The Department of Energy (DOE) Office of Energy Efficiency and Renewable Energy (EERE) Advanced Manufacturing Projects for Emerging Research Exploration recently announced a funding opportunity (FOA) that includes a range of topics in advanced materials and processes, and explicitly includes a subtopic on Atomically Precise Manufacturing (APM). DoE has been soliciting SBIR projects in this space for several years now but this is the first AMO R&D Projects FOA in this space. In addition, the application space has been expanded from the SBIR offerings, and responsive concept papers and proposals will include atomically precise membranes and catalysts, sensors, molecular electronic computer circuits, and also tools and systems to perform APM through positional assembly (whether tip-based, or molecular machine-based--aka molecular additive manufacturing). The Atomically Precise Manufacturing subtopic is described below.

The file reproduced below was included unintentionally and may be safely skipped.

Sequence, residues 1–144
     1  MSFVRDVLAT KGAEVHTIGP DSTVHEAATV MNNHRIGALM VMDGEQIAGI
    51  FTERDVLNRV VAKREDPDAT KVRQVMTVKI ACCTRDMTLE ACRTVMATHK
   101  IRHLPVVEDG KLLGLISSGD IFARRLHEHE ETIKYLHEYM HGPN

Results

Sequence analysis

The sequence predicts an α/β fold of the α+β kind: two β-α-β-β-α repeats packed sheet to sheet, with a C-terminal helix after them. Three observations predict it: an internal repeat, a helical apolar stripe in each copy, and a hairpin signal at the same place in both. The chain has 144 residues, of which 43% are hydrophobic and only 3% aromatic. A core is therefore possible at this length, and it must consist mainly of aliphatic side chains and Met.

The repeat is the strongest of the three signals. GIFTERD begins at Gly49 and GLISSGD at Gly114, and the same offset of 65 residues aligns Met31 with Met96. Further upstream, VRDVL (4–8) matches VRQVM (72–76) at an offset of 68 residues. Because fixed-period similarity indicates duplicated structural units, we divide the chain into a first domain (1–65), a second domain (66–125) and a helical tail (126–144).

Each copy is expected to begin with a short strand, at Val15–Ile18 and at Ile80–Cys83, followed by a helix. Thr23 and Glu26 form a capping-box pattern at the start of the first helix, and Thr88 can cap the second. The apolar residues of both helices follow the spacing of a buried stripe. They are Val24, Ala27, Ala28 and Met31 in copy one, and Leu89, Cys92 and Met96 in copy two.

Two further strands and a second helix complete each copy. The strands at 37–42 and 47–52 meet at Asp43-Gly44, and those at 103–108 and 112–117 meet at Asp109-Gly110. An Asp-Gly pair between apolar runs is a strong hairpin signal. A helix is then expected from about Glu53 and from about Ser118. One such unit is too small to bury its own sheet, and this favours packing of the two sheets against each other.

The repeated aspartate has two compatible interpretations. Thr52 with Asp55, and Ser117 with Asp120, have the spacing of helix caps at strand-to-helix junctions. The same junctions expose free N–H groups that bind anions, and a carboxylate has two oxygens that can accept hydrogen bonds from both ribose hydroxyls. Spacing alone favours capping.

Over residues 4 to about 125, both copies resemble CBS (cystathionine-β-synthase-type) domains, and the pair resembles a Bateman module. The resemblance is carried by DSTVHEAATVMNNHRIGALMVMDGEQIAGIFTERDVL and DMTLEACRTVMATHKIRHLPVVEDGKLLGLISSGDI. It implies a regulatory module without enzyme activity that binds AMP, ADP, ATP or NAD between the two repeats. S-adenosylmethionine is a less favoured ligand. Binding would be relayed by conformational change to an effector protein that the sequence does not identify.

Subtopic 1.5 Atomically Precise Manufacturing: Atomically precise manufacturing is the production of materials, structures, devices, and finished goods in a manner such that every atom is at its specified location relative to the other atoms, and in which there are no defects, missing atoms, extra atoms, or incorrect (impurity) atoms. In current practice, atomically precise molecular sheets are possible using macromolecular chemistry with densely packed designs for near zero defects, and full crosslinking for near theoretical strength and chemical stability. Spiroligomers, Metal Organic Frameworks, engineered proteins, enzymes, ribozymes, peptoids, and engineered DNA and RNA are examples of atomically precise building blocks that can be crafted for macromolecular assemblies, or which can be designed as atomically precise receptor sites to catalyze chemical reactions. In future practice, more complex atomically precise structures and devices could be fabricated using positional assembly with advanced scanning probe systems, or with integrated nanosystems for molecular additive manufacturing. Advances in these current or future practice techniques will be considered for funding for high-energy impact applications such as (but not limited to) atomically precise membranes, atomically precise catalysts, molecular electronic computer circuits, and high sensitivity molecular sensors.